The mayor of Bovel [a small village in Brittany] has filed a legal complaint against Emmanuel Macron over his comments about wanting ‘to piss off’ unvaccinated people and that “irresponsible people should no longer be considered citizens.’
José Mercier, 66, who is not vaccinated himself, claims that because it is legal to be unvaccinated the president’s comments, made in a press interview, are not fair.
He lodged a complaint before the judiciary court of Rennes yesterday (January 11). He claims the comments cause damage to his dignity, honour, and image, according to the legal document obtained by The Connexion.
“Implying I am no longer a citizen is unacceptable. It is a denial of what has guided my life for 28 years,” said Mr Mercier, a former teacher’s tutor who has served as mayor of 600-resident Bovel under six consecutive terms since 1993.
He is currently in self-isolation due to being a Covid contact case.
Mr Macron made the comments in an interview with Le Parisien newspaper on January 4 and later said he stood by them despite a backlash from several fronts.
Macron has said many times that it is a civic duty to get vaccinated so as to protect yourself, your loved ones but also vulnerable members of the community.
French MPs have passed a bill to convert France’s health pass to a vaccine pass. The bill is now under review by the Senate.
The Omicron variant is believed to be infecting from 500,000 to a million people every day, according to Minister of Health Olivier Véran.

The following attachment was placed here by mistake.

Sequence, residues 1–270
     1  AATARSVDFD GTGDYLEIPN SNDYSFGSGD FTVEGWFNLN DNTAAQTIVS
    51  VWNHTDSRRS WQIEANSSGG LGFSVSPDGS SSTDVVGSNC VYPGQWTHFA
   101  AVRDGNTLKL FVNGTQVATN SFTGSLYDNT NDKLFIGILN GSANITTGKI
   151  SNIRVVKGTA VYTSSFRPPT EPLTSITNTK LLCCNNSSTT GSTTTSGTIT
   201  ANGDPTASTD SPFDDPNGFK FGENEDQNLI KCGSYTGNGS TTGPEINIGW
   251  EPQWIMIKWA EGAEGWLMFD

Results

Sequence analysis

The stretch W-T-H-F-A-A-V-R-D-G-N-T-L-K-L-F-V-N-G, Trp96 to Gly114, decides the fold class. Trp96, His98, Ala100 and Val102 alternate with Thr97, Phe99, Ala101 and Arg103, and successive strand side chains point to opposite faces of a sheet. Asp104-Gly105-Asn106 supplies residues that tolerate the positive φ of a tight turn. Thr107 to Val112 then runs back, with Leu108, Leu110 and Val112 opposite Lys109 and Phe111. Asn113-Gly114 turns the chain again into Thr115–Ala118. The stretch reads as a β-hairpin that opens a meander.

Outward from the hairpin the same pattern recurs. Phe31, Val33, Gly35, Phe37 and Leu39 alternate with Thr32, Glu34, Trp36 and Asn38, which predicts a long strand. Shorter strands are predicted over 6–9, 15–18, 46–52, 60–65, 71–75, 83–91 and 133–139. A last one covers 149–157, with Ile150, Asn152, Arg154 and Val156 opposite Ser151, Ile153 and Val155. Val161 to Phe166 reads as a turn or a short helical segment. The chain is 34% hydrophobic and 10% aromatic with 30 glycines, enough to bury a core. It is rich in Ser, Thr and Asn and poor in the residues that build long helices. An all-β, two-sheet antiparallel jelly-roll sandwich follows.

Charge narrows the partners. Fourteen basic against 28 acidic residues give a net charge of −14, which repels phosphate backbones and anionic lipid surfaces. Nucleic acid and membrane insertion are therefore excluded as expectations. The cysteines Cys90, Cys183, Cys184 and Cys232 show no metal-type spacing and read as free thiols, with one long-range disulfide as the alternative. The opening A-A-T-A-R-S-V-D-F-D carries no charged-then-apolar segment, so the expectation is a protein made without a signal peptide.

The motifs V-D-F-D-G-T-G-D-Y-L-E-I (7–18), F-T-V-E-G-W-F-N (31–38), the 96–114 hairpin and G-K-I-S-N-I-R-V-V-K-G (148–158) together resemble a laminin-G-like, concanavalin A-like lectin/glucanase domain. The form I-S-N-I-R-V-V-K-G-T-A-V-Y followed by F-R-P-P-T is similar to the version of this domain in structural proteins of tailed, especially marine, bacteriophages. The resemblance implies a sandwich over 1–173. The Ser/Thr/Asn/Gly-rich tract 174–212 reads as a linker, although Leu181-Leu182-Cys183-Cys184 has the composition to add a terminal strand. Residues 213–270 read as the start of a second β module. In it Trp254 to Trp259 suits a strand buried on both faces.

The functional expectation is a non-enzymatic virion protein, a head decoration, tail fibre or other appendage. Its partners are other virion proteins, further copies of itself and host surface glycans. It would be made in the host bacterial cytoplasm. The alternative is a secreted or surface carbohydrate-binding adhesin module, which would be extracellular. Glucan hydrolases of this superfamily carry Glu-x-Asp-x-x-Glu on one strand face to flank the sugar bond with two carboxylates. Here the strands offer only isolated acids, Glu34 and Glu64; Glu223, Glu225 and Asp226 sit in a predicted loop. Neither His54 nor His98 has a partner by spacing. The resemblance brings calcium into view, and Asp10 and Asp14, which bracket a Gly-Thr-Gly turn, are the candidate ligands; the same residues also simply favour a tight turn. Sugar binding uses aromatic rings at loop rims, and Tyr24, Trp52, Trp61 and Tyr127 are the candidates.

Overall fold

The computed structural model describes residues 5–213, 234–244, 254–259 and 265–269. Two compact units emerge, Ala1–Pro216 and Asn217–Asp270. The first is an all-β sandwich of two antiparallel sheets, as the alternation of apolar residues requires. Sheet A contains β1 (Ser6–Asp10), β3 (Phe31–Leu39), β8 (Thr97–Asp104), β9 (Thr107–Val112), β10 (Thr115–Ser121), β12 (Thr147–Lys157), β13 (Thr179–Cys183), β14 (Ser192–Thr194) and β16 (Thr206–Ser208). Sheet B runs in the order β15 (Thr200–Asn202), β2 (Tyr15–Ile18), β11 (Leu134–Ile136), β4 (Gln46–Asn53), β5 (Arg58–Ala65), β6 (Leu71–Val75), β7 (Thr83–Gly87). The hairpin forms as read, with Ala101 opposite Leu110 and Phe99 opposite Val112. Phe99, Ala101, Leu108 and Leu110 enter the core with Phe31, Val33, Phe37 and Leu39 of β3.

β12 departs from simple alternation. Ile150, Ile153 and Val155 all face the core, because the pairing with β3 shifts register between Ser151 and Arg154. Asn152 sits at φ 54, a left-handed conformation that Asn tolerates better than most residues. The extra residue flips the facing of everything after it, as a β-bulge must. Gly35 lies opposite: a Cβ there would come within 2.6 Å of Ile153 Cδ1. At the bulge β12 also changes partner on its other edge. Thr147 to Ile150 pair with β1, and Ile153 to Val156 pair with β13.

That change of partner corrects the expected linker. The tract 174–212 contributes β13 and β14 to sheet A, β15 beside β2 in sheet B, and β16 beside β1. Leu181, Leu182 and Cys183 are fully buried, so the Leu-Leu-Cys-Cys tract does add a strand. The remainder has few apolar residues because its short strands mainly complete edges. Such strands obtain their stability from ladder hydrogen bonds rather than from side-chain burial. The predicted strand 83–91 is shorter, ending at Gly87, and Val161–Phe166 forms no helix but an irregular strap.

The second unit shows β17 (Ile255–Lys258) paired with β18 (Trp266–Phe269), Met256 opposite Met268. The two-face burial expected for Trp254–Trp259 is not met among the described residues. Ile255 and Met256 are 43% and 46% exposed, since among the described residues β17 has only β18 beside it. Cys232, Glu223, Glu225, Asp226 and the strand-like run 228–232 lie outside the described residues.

Mr Mercier said the violence of the political climate reminded him of “The Scapegoat”, a book published in 1982 by French historian and philosopher René Girard analysing persecution texts against the Jews from the XIIIth century.
He said people should not be treated as “scape-goats” over their vaccine status as vaccination is not obligatory.
“I am not vaccinated but I am still within the boundary of the law,” he wrote in the document transmitted to the judge.
He says he does not want his complaint to feed into the anti-vaccine movement nor to create a polemic, saying he had participated in two vaccine campaigns in his village but that the recent comments by the president were unjustified and merited action.
The president is granted legal immunity under French law, meaning he can only be prosecuted after he finishes serving his term. The Rennes court has yet to validate Mr Mercier’s complaint.
Mr Mercier said he does not wish the president be sentenced but filed a complaint for “future governments to reflect on the limits they have to abide by if they were to preserve social peace,” he said.
“I am pro-choice but it has to come from both sides”, he added.